Military in miniature: Pastor collects soldier figures
WORTHINGTON — Condition is important in the world of collectibles. If the collectible comes with its original packaging and has been handled very little, the more valuable it is.
Among his assemblage of toy soldiers, however, John Stewart is most intrigued by the ones that are a bit worn and obviously well-loved.
“I like to think about what kid played with this,” he said, fingering a metal figure that has the patina of regular handling. “Is this something somebody got for Christmas?”
John, the co-pastor at First Covenant Church with his wife, Kris, has collected small-scale soldiers for a number of years, but his fascination with the toys began when he was a child.
“As a kid in Chicago, we lived in an apartment, so we didn’t have much space, so I’d play with blocks, soldiers,” he recalled. “We’d go down to Marshall Fields every year, and in the toy area, they’d have all these displays, and one year they had a big setup of soldiers. While you were waiting in line for Santa, they were at eye-level, of course, on purpose.”
A former Marine who served in an anti-tank unit from 1980-’84, John also has a fascination with history — and those interests all intersected when he discovered the world of toy soldier collecting.
“I saw a one-inch ad in some magazine — “Make Your Own Toy Soldiers,” remembered John. “It was an introductory kit, and I showed it to Kris. ... Then, when we moved here, I came across a guy who sold toy soldiers in Burnsville, and he asked if I’d ever been to the toy soldier show in Chicago. Now I’ve gone every year, almost, for 18 years, only missed a couple.”
The realm of toy soldiers is expansive, including sets depicting all the major wars that have occurred and oftentimes even specific battles. Some of the most collectible figures are manufactured by Britains, a British toy manufacturer that invented a process for hollow casting in lead in 1893 and became the industry leader.
“From 1893, it became like the Legos of the toy world at the time, and they numbered all their sets,” John explained. “They did a lot of different regiments, sets.”
John’s personal assembly of figurines includes some Britains, but also examples of cheaper dime-store models and ones that he cast himself in rubber molds.
“These were meant to be played with,” he said, holding up an example of a slightly larger model that would have originally come from the dime store. “Kids could go in and get one for a nickel.”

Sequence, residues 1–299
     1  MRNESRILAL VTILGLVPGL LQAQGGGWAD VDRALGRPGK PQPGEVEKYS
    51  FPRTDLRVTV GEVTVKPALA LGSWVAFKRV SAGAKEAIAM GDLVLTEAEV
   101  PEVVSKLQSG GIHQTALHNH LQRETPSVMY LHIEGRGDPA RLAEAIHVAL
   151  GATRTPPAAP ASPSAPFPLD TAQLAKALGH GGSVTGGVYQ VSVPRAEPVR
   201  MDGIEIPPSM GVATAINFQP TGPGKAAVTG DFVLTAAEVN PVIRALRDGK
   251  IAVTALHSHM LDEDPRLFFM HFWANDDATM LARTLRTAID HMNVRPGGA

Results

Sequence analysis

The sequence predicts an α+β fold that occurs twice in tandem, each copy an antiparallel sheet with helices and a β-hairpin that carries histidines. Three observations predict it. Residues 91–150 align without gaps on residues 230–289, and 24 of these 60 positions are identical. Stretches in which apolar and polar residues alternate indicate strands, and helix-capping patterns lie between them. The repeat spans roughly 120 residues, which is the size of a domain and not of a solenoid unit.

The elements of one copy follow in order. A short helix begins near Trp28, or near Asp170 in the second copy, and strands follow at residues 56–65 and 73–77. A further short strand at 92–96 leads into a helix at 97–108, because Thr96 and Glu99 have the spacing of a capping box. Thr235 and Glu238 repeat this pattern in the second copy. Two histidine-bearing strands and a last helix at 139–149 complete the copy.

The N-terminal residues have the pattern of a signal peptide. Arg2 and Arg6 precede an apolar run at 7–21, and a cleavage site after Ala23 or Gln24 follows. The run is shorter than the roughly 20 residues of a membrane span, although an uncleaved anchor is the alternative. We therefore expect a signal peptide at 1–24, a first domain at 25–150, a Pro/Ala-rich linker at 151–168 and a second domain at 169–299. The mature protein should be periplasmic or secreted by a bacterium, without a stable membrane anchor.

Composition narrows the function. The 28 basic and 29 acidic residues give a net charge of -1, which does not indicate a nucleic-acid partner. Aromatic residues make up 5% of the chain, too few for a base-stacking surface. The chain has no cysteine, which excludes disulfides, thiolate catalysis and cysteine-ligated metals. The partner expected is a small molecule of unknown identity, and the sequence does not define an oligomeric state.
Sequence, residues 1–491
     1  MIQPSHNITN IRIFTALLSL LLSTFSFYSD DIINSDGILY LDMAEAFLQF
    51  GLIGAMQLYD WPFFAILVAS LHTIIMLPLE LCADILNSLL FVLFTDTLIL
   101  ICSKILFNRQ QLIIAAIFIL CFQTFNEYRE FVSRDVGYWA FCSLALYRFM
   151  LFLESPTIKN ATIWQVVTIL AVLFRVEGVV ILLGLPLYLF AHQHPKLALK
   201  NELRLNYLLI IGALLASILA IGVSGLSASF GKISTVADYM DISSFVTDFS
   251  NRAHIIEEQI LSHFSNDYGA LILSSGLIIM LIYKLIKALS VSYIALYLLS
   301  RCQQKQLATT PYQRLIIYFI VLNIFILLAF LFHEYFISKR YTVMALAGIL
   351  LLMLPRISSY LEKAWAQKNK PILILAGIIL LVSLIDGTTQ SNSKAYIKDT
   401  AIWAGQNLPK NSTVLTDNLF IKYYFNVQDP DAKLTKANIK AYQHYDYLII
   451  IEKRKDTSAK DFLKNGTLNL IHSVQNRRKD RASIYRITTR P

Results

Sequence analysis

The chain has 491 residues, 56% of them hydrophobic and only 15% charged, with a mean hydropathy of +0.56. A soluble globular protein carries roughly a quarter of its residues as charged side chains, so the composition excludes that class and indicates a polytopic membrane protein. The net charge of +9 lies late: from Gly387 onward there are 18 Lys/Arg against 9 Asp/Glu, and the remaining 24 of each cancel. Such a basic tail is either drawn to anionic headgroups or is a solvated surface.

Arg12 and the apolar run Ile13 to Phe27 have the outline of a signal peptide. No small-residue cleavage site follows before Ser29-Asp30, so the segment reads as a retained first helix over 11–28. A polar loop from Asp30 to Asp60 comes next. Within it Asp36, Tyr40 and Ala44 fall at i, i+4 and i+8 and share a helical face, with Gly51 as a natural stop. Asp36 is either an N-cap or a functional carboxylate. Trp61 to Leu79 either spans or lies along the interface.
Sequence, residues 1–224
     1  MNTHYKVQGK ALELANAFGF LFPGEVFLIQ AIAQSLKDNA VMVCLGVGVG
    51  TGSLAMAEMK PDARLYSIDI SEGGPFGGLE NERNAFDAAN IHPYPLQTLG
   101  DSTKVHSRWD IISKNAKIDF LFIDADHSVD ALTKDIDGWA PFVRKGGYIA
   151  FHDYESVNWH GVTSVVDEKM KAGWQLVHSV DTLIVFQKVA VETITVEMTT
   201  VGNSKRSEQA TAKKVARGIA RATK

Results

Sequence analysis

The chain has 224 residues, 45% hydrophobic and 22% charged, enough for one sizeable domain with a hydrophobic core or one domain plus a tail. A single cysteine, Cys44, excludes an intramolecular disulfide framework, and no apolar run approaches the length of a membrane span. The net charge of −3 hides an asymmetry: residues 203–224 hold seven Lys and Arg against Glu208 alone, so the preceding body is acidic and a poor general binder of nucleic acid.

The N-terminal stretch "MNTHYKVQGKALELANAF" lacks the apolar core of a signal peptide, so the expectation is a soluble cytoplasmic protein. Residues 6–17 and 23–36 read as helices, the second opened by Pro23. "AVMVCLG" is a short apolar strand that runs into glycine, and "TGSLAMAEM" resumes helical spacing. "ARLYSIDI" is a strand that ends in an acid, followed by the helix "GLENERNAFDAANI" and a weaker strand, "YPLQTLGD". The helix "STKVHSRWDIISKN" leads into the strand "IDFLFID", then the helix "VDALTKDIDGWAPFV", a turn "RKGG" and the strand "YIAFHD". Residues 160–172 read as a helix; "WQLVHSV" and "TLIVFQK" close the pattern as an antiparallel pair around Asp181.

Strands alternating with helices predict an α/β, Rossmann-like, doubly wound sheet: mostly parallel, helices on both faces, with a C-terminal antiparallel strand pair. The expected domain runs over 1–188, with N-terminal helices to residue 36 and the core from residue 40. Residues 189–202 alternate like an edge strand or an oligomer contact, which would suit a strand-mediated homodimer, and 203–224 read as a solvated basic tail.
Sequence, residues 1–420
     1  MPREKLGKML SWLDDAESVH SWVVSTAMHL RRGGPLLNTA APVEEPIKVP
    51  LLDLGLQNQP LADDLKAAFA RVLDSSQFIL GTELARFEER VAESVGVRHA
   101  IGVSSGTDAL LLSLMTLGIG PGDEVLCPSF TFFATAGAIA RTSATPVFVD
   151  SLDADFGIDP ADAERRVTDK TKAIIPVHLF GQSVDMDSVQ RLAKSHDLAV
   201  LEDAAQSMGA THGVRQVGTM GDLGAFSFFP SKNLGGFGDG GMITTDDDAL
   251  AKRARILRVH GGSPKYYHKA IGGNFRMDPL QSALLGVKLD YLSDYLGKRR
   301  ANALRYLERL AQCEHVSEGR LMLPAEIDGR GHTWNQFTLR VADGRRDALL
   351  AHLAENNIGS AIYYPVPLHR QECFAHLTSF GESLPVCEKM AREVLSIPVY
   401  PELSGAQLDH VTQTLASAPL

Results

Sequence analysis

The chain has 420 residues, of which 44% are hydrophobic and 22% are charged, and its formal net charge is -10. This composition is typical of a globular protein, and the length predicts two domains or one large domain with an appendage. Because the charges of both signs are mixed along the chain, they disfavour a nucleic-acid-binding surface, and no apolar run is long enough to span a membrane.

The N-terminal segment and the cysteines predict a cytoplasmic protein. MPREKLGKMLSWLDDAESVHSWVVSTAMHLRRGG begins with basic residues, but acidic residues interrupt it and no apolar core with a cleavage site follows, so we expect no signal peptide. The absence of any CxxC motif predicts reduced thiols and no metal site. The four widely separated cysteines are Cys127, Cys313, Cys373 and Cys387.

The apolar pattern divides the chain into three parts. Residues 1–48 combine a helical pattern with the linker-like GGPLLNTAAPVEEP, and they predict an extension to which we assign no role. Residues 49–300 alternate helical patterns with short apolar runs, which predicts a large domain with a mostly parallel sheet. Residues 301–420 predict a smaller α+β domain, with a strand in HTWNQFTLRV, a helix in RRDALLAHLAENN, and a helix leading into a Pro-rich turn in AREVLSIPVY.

There are certain periods in history in which John is most interested, particularly the time before World War II. He likes to collect figures that were created just before World War II — both American and British — and a few international soldier figures were also available. He has a quite rare Italian soldier, as well as Japanese and even Finnish figures from that time.
“I like the older stuff,” he said. “I’m more selective when I go to the big show than when I’m out and around at an antique store. If I find anything (in a store) in a box, I’ll buy it. You’ll sometimes find some quirky stuff.”
One segment of John’s collection is devoted to the Spanish-American War of 1898, a somewhat obscure era in our country’s history. In addition to the soldier figurines, he’s found a few other items of memorabilia related to the time.
“I realized there’s not a lot of stuff out there if I wanted to have a comprehensive collection,” he said about focusing on that conflict. “I get a kick out of that here’s a hat and a book and figurines that kind of present that era. You can’t do that with World War II.”
A room in the lower level of the Stewarts’ house is used to display much of John’s collection on shelving that was built by a friend. The soldiers are staged with other assorted pieces of military memorabilia, including a painting of a naval battle that John purchased when he was just a boy. Some of the finer Britains pieces that he has purchased are housed in a curio cabinet across from artifacts related to his grandfather’s service in the Scottish Army — another source of historical fascination.
“I usually try to find things that are harder to find,” said John about his collecting strategy. “There’s so much of the new stuff, and I don’t have the room, the time or the money to get into that.
“A growing interest of mine is also the Old West,” John added. “You don’t find very much of it — and there’s lots of plastic — but it’s also very collectible.
A publication, Old Toy Soldier, is devoted to the hobby, and John has written articles that have been published in it. For instance, on a visit to the Little Falls boyhood home of Charles Lindbergh, he discovered that the famed aviator had an extensive collection of toy soldiers, so he submitted that story and photographs. Other notable collectors of toy soldiers are Winston Churchill, Malcom Forbes and the Bush family, he added.
“For me, it’s not just the history or how they look,” reflected John about what he enjoys about being a toy soldier hobbyist. “I do like the making of the stuff, and the research I find interesting. I think it’s just the different facets of it. It’s not just one thing.”
John enjoys sharing his hobby and expertise with anyone who might be interested and is especially happy to take a look at any toy soldier specimens people may find when they are cleaning out a drawer or at a flea market or antique store.
“The bottom line with this stuff is if it’s metal, snag it up unless someone’s asking a ridiculous amount for it,” he advised. “If it’s old, you might even have a piece that’s rare. Give me a call or check on eBay. I’m certainly more than happy to help people out.”
Daily Globe Features Editor Beth Rickers
can be reached at 376-7327.